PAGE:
Why? Leaders view raw materials as a fixed cost. And inventory carrying cost incrementally at about 6% (Prime +1), and too often leaders believe the only variable they can control are labor costs.
We have not injected Operational Excellence into our American DNA.
Yes, we have innovation in our DNA: just look at Tesla, Apple, Facebook, Google, and Amazon. However, too often, corporations are looking to the silver bullet of innovation to resolve their lack of global competitiveness.
Operational Excellence is the long-term game plan. It takes patience, tenacity and grit to achieve it.Operational Excellence, gains are typically more sustainable, enterprise empowering and greater long-term profits are the result.
If the US is going to regain manufacturing leadership, we must establish and inject the Operational Excellence philosophy into all functions of our enterprises
We cannot forget the total cost of ownership. Over the long-term, when lead-times are increased, so are total costs.
Longer lead-times typically increase forecasting variance which necessitates more inventory.
The longer lead-times and increased inventories negatively impact customer service with lost flexibility and responsiveness to change.
Engineering changes take longer to implement and are more costly
Cost increases to support a complex supply chain.
Cost of quality increases due to the length of the supply chain.
Cost of Inventory Increases.
- Obsolesce cost increases.
- Inventory shrink, loss and damage increases.
- Transportation cost increases.
Over the past three decades Japanese, Korean and European manufacturers have invested heavily in US plants and infrastructure. During this same period, US automotive manufacturers have lost an estimated 40-50% of the domestic market share to both Japanese, Korean and European transplants who have provided better quality and more options for the same price. What do they know that we don’t? They understand the total cost of ownership and how to drive costs down though operational excellence.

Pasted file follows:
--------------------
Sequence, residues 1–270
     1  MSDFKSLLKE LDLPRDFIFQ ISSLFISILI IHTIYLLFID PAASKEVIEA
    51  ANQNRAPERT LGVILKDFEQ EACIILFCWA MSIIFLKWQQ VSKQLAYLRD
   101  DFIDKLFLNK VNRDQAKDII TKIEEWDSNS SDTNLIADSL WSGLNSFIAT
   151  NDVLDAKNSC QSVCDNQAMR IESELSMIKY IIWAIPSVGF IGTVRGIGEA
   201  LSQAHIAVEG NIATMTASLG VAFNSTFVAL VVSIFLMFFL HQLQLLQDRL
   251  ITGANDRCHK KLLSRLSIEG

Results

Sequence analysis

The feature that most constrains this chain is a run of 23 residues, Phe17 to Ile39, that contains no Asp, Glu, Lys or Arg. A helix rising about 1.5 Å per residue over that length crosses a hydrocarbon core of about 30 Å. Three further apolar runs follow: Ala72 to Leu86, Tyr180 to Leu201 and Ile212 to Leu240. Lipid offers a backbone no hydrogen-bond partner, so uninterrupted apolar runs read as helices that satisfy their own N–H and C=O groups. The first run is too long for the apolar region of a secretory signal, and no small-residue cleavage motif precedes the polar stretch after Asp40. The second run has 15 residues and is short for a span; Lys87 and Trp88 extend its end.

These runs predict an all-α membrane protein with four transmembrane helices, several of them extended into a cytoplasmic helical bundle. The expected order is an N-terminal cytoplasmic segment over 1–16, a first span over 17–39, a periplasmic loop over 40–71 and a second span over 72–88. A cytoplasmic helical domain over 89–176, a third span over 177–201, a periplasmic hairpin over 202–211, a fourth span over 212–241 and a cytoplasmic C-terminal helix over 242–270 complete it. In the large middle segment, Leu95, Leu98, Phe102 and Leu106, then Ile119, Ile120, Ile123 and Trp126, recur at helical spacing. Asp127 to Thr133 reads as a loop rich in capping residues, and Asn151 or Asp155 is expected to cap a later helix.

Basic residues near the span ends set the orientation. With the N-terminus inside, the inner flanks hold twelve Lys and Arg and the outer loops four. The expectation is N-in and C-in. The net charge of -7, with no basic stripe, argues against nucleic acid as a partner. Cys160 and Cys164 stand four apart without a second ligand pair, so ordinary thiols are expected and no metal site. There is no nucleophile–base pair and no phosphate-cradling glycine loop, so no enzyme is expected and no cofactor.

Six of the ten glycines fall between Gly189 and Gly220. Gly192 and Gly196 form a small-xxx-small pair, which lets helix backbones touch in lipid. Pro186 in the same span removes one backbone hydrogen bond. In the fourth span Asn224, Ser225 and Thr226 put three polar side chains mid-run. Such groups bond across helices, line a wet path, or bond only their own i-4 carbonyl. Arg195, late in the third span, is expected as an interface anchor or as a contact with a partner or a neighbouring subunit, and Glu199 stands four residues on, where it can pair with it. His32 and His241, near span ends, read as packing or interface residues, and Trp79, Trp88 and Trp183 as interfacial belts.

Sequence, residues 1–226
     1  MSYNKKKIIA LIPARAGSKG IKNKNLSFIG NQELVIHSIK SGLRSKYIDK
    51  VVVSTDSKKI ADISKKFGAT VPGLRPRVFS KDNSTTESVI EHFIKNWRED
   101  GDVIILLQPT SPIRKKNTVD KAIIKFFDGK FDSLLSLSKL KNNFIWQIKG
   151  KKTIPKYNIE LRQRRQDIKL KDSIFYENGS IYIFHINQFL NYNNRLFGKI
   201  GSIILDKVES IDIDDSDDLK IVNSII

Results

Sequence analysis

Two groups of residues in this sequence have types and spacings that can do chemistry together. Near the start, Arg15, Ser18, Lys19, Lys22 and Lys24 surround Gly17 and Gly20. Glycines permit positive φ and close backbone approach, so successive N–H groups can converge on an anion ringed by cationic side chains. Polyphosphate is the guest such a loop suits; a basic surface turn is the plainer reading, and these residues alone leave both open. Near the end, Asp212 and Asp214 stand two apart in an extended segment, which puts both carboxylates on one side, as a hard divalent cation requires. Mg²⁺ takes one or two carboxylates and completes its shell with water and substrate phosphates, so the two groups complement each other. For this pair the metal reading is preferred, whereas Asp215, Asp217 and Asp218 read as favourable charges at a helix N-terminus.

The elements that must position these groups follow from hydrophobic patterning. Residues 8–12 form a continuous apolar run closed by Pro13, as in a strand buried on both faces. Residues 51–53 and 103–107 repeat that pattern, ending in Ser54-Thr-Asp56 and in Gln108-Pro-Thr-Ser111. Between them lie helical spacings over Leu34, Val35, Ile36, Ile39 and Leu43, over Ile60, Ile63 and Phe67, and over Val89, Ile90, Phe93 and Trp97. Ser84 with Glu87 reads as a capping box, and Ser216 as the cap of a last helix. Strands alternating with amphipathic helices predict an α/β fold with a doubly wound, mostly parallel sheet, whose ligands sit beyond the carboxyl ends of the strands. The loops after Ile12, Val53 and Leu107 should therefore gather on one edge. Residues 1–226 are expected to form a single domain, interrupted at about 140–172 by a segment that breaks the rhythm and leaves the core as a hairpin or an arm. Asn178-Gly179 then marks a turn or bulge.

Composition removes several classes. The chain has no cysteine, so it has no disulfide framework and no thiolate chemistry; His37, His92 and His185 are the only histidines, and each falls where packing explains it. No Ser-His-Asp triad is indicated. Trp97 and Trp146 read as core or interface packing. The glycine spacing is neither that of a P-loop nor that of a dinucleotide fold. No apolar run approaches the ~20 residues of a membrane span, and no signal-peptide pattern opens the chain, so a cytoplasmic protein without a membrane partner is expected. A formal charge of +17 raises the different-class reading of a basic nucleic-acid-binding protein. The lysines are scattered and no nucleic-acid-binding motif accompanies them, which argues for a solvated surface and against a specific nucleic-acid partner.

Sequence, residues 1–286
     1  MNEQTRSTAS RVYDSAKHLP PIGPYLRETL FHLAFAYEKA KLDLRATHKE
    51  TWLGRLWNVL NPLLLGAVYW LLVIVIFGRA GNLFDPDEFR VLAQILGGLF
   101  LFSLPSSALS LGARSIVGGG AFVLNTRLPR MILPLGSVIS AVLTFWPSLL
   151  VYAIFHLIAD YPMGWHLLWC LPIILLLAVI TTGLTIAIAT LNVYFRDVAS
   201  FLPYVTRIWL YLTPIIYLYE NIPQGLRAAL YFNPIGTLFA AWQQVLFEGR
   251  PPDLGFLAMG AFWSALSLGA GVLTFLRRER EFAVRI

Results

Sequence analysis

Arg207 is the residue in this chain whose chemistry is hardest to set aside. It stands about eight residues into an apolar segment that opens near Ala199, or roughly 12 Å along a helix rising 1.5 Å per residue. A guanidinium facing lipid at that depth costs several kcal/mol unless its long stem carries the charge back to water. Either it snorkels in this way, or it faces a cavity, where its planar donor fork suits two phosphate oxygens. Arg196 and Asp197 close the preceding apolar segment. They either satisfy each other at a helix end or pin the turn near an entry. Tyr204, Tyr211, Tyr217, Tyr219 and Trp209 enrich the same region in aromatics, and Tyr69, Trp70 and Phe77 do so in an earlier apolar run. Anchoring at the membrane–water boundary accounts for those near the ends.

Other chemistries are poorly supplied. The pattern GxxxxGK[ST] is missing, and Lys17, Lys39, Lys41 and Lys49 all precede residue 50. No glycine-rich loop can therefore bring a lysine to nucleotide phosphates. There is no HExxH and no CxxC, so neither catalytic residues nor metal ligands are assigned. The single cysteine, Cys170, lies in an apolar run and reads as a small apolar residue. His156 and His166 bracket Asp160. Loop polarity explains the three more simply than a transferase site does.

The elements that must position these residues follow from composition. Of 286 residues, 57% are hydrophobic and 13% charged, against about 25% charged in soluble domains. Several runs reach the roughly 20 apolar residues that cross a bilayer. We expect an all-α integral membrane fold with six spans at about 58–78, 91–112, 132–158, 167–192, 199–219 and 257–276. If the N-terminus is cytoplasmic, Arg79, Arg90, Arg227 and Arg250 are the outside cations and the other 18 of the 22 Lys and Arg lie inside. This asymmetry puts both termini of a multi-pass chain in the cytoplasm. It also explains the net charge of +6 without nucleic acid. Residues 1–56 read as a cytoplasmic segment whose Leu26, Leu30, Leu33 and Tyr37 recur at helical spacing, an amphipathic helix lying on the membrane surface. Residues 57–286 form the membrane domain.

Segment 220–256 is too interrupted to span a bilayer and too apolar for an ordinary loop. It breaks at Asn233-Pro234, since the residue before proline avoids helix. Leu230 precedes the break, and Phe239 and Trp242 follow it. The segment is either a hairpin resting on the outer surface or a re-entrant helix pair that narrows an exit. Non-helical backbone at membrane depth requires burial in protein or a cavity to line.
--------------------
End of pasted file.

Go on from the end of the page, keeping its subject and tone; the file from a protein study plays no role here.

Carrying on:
I believe that over the next few years, the inability to manage total cost improvements will be seen as an error in judgment and lack of foresight on the part of industrial leaders and US government economic policies. Additionally, the long-term impact to the US middle-class tradesman and industrial complex will be devastating. We can’t afford to lose the middle-classes’ important contribution to our economy. They are the drivers of our economic stability!
Not only should the enterprise’s total cost of ownership be top priority; but leaders need to uphold corporate values and ethics. Corporate leaders must be careful not to compromise the integrity of the company to which their guardianship has been entrusted.
For example, the Chinese government’s:
- Gross currency manipulations.
- Raw material subsidies.
- Anti- American policies.
- Intellectual property laws openly violated.
- Human rights violations.
- Unethical loans to third-world countries with the un-disclosed intention of controlling their natural resources.
Finally, do we really think countries with anti-American policies are concerned with our long-term viability?
One question. As the guardian for your enterprise, is this your legacy?
Self-Ranking – Pick one of the four questions below and then fill in your comments in the space provided.
- Don’t think this applies to your business or enterprise? (Write three to four reasons why it might not.)
- This is a new idea and strategy, it’s something we need to work toward. (Brainstorm the first steps.)
- We can do better, modify our strategy, and now we are moving in the right direction. (What are the next steps to ensure success?)
- Our team gets the necessary time to keep their minds fresh and we have plans to live our dreams. (Comment on how you’re ready.)
Categorized in: Supply Chain Entropy Busters®